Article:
Complete 4 cycles of:
25 Meter Log Flip
25 Meter Backward Log Drag
Warmup: 30 second Grok Squat, three light sprints at 70%.
It was the unholy confluence of corporate ethics lapses and shortsightedness, governmental/corporate collusion, and personal irresponsibility that set the stage for the “Flip That House” phenomenon, and we’ve seen what damage it wrought. As a nation, we’re still reeling from the effects. This week’s WOW, dubbed “Flip That Log,” also requires a triumvirate of preconditions – strength, speed, and a heavy log (or log analog) – for successful implementation, and it too will cause great microtrauma, only this time to your musculature. And the effects will only be felt for a day or two, rather than years. And it will all be beneficial.
“Flip That Log” is simple: flip a log end over end (using explosive hip extension to get the log up to chest height, then drive it up and over using your shoulders and by pushing/running with your legs) for roughly 25 meters, then pick it up by one end and drag it backward to your starting position. Rest for about a minute and repeat three more times. Don’t let the simplicity lure you into complacency; this is a tough, tough workout that hits your entire body. It’s a quintessential strength-and-conditioning routine. You’re lifting, pushing, extending, sprinting, and pulling. You work your hips, your glutes, your quads, your shoulders, your lats. Name it and it’s being used. Short, sweet and to the point.
The hard part will be finding the log. Railroad ties, big tires, a heavy bag, a slosh tube filled to the brim with water, small abandoned refrigerators, and heavy lumber will all work – basically, anything that requires significant effort to flip end over end. The taller and heavier the thing is, the more difficult the exercise will be (although the taller it is, the fewer flips you’ll have to make to hit 25 meters). What’s important is that it’s heavy for your skill and strength level. That might mean a thirty pound log or it might mean a two-hundred pounder. It’s all very relative. You’ll also most likely have to perform this outdoors, and, since it’s February, that could mean snow/rain/cold, depending on where you’re located. I can do this on the beach in 72 degree weather, and I realize that I’m lucky. Sorry about that, guys! Still, make it work. The workout is short, remember, and the intensity required will warm you up in a couple minutes. If you do it right, you won’t even notice the cold.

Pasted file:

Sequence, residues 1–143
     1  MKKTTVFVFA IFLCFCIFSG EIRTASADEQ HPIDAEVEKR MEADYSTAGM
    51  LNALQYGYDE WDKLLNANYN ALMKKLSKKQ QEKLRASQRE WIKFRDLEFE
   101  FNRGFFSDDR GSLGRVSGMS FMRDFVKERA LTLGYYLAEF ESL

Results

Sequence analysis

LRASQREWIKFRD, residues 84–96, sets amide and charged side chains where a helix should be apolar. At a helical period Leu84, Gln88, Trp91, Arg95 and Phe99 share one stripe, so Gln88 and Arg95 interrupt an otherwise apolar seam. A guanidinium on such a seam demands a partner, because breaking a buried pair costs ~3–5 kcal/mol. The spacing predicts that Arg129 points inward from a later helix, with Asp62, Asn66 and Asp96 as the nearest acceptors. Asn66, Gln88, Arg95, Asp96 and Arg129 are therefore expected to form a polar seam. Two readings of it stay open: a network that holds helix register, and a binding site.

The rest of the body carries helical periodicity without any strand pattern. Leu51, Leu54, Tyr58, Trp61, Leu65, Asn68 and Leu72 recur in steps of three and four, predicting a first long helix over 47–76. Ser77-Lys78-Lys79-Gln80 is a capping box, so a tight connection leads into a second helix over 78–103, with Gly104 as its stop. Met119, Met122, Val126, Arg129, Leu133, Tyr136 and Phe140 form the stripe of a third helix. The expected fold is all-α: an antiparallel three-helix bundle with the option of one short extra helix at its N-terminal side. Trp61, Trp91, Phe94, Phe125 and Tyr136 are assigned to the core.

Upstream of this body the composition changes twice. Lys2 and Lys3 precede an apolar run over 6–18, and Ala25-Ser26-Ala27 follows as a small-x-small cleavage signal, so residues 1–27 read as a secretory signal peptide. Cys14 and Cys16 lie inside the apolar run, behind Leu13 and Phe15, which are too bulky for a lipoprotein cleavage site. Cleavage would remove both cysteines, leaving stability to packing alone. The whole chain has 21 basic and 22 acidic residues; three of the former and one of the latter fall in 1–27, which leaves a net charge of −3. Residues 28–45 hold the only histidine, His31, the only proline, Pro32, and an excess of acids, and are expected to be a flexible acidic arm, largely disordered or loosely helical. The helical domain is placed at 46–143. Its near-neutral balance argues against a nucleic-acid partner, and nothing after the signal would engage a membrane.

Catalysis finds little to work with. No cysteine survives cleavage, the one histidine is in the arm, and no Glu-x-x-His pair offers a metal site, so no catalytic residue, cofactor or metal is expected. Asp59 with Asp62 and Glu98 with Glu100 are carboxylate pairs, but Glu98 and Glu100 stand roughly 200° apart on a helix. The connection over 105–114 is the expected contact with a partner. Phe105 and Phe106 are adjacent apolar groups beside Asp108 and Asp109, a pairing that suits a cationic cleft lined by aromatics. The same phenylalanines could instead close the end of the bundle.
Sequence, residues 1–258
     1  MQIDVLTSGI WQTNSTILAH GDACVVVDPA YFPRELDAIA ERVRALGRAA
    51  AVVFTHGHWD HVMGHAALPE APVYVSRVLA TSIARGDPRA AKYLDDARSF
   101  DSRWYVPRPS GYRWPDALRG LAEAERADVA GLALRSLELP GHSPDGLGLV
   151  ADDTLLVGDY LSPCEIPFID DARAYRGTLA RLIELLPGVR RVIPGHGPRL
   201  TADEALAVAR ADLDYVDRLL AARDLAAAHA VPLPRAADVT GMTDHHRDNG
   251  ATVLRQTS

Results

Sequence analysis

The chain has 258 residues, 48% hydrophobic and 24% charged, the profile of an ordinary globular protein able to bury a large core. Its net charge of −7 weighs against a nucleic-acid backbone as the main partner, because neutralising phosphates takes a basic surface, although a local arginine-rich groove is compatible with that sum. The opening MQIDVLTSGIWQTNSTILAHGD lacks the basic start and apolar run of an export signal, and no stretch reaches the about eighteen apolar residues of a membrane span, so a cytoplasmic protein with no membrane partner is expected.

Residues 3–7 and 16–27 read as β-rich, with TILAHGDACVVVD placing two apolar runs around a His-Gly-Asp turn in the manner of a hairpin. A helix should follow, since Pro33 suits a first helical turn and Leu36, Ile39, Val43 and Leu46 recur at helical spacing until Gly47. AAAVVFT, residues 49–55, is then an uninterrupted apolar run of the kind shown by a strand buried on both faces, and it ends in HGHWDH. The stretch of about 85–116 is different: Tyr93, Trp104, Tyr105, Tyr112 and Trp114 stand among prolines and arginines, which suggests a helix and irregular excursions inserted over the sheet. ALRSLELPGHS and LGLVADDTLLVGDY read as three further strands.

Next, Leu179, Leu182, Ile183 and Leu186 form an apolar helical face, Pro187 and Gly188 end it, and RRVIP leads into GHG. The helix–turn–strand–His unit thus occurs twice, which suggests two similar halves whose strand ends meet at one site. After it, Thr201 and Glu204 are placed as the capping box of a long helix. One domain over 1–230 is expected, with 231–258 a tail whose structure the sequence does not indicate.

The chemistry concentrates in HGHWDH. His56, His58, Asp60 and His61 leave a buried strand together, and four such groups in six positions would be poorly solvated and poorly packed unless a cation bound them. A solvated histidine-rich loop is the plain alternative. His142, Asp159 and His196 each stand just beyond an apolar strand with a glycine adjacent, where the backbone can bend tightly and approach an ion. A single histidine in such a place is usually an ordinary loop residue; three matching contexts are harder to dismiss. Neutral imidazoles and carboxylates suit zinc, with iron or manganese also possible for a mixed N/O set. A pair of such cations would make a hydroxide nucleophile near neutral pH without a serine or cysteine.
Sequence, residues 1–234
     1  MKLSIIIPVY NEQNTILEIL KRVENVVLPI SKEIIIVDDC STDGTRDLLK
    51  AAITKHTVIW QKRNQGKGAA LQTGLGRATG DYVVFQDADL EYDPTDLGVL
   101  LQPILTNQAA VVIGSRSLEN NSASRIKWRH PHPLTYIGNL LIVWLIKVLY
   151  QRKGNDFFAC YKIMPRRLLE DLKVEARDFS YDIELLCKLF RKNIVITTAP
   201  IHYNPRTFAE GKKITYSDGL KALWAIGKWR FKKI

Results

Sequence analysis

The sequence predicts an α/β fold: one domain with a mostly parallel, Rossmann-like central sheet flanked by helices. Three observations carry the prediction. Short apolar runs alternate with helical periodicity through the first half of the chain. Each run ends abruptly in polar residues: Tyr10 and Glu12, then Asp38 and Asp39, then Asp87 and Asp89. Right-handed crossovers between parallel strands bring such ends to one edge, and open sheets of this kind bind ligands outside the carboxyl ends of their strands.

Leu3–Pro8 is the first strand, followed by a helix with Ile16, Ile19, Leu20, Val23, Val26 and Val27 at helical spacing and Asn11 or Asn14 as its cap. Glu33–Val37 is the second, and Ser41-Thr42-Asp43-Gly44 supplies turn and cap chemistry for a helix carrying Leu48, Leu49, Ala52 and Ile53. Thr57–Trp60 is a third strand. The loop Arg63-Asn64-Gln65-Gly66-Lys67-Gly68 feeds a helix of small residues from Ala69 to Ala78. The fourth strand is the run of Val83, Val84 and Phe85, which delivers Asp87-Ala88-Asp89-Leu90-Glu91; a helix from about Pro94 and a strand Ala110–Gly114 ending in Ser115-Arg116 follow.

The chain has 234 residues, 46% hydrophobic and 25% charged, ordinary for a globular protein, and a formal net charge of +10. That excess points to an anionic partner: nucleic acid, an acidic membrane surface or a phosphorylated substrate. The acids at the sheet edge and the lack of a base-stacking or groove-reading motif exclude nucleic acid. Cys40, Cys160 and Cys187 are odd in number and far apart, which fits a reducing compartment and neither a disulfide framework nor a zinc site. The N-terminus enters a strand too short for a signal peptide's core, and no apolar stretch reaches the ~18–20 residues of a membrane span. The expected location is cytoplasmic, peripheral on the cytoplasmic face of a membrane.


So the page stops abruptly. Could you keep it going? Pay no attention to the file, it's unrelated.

A few things to remember:
- Because this is an explosive exercise, you’ll have to maintain a neutral back position, even as you’re tossing and dragging logs. Don’t let your form get away from you. Keep a tight torso to keep a healthy spine.
- Go as fast as you can. This is geared toward conditioning, rather than strength.
- Add a couple more cycles if you feel up to it. If you have access to different logs, try switching each cycle. Go long and lighter first, then shorter and denser. The movement dynamics are different depending on the height and weight even as the foundational movement stays the same, which means different logs will hit you in different places.
- Do this WOW for time. How quickly can you get through it? Time yourself and share your details in the comment board.
What are WOWs?
- Workouts of the Week (WOWs) are an optional component of Primal Blueprint Fitness that add a fractal and often fun and playful quality to the basic PBF protocol.
- In most cases WOWs should only be completed by those that have mastered Level 4 of each Lift Heavy Things Essential Movement. Also, it’s recommended that WOWs replace one or both Lift Heavy Things workouts or the Sprint workout (depending on the WOW) each week instead of being done in addition to the Lift Heavy Things and Sprint workouts.
- Learn more about WOWs and Primal Blueprint Fitness by getting the free eBook. And access all Workouts of the Week in the WOW Archive.